Stirling Moss Dashed Dreams of British Racing Team
In 1933, three racing blokes decided to start a team. Humphrey Cook, Raymond Mays, and Peter Berthon converted a family home, Eastgate House, into English Racing Automobiles (ERA) headquarters.
Their mission was clear: create a British racing team and compete on the world’s stage—the Grand Prix. To kick things off, they decided to construct a car to enter the 1500cc supercharged class—the modern equivalent of Formula 2.
Backing the mission financially was Humphrey Cook, thanks to the family drapery business (Cook & Co.). With Cook’s cash, Berthon’s designs and Mays’ driving abilities the team was ready to crack on.
Petrolicious photographer David Marvier stumbled upon this remarkable 1935 B-Type R1B while roaming the grounds of Goodwood. It turns out this car was equipped with the world-famous Riley straight-six and has been featured in historic races across the globe, including, on several occasions, the Monaco historics and the Goodwood Revival throughout its modern road-going rampage.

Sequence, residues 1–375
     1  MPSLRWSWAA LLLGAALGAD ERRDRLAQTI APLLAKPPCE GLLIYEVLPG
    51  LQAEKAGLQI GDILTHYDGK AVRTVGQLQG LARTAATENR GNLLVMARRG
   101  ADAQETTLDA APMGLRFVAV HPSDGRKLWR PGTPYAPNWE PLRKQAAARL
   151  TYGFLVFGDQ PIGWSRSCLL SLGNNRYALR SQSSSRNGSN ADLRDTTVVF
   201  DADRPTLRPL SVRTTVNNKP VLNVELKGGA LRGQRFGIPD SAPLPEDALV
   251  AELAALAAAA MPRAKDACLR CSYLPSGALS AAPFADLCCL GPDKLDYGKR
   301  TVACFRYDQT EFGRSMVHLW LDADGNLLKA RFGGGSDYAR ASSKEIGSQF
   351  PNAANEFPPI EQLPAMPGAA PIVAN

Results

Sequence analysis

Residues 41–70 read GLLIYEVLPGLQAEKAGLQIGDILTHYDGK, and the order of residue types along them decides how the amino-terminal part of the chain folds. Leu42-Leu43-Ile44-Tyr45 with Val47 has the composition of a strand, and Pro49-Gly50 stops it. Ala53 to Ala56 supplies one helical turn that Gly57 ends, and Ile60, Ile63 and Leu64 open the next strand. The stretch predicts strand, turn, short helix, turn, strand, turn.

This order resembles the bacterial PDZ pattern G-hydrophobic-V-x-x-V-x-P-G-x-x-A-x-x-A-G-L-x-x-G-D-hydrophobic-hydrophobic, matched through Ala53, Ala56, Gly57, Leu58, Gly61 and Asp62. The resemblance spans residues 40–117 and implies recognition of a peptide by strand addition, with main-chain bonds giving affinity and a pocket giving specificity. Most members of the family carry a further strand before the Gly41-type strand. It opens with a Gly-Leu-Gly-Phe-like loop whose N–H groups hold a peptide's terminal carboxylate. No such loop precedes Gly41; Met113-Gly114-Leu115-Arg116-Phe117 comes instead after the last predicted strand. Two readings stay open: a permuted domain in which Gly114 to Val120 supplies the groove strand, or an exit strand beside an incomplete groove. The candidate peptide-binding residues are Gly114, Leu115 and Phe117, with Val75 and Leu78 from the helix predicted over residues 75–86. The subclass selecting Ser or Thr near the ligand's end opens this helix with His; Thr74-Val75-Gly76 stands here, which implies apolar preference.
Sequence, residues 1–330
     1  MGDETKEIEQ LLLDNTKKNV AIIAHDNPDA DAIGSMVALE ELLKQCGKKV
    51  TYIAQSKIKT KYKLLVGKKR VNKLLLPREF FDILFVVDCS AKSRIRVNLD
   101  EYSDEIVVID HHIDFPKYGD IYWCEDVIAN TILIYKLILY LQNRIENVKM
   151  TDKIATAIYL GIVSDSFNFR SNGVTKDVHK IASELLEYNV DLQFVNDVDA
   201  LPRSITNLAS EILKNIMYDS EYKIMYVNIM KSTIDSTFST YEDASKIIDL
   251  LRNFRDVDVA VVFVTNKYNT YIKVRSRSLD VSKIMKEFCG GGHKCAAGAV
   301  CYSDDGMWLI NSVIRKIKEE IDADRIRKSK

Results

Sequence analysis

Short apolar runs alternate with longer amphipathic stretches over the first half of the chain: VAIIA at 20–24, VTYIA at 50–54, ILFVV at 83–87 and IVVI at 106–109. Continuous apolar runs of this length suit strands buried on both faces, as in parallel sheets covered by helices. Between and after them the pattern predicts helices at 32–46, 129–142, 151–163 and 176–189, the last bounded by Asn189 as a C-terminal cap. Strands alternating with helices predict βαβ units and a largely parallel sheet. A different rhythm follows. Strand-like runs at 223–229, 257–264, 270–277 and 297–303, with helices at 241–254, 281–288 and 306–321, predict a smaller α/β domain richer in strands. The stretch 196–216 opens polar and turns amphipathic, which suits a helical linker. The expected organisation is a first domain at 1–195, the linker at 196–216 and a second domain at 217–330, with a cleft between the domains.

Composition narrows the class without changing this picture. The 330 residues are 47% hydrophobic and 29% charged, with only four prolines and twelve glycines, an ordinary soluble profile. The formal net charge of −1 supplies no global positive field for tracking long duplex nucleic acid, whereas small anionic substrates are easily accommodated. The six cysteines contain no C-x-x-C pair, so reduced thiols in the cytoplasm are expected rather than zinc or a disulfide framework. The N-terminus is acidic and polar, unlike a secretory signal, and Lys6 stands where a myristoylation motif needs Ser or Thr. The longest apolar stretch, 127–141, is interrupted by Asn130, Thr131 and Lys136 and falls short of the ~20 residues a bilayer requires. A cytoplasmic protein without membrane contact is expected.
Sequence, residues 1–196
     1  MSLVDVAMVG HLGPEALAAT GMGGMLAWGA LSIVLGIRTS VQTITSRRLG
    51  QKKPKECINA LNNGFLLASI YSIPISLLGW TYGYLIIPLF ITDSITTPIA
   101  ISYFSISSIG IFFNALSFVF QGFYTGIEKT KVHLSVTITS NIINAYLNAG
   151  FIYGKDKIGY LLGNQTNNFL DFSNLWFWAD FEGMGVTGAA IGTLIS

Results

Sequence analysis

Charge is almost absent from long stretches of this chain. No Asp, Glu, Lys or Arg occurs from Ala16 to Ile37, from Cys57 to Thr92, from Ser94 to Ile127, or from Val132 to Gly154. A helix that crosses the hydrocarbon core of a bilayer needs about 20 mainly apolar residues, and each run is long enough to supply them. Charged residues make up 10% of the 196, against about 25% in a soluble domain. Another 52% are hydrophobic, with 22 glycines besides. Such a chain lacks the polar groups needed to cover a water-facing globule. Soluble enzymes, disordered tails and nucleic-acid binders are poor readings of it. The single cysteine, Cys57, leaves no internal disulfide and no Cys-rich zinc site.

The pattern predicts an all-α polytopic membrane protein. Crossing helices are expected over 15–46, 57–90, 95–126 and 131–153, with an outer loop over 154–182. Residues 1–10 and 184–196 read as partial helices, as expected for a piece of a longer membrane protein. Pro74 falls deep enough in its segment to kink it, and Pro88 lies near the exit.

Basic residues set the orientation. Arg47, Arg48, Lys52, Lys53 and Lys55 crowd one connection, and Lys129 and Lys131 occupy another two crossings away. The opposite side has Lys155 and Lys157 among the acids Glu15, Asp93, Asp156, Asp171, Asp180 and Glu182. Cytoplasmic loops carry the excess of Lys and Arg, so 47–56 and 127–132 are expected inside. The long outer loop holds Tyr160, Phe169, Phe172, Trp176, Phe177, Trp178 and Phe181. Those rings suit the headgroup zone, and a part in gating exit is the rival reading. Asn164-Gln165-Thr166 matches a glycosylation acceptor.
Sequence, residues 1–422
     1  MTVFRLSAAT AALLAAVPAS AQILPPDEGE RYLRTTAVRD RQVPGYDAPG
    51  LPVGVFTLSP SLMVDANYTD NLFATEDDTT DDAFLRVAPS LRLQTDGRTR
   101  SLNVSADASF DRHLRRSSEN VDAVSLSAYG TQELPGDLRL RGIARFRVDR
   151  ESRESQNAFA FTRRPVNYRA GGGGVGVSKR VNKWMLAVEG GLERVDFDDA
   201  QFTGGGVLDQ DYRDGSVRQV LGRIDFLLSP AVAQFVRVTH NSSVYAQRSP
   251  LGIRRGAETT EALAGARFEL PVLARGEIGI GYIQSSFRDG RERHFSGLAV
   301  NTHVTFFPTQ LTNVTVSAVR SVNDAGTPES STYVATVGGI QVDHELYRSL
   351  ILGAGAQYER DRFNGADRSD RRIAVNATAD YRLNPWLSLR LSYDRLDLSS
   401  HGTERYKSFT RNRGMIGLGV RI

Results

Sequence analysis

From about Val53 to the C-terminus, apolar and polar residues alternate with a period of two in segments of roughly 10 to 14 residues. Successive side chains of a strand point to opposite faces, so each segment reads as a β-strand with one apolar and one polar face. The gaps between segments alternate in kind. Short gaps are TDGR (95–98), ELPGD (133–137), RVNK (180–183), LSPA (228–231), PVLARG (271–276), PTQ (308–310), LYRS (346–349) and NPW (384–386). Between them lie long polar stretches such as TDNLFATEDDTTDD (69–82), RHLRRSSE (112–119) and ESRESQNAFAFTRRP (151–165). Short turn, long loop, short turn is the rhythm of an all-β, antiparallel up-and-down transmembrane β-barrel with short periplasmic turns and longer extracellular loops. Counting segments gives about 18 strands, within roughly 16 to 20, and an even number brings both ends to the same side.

After WWII, ERA focused its sights on Le Mans, even going as far as recruiting Stirling Moss to pilot one of their cars in the late ‘50s. Unfortunately, this attempt convinced Sir Moss to speak horribly about the teams efforts and alternatively giving it his stamp of disapproval.
After receiving what ultimately became the final blow, ERA (now under the name of Engineering, Research & Application ltd.) took their decades of race experience and consulted with other teams and eventually manufactures. In the late 1980s, they were commissioned to construct the ERA Mini Turbo.
Many pre-war era race cars can still be found humming along motorways in the UK or even blasting down a straightaway during local historic racing events. Their rise and fall as a competitive Gran Prix team may have been interrupted by a war, but their racing spirit still lives on today.
Photography by David Marvier for Petrolicious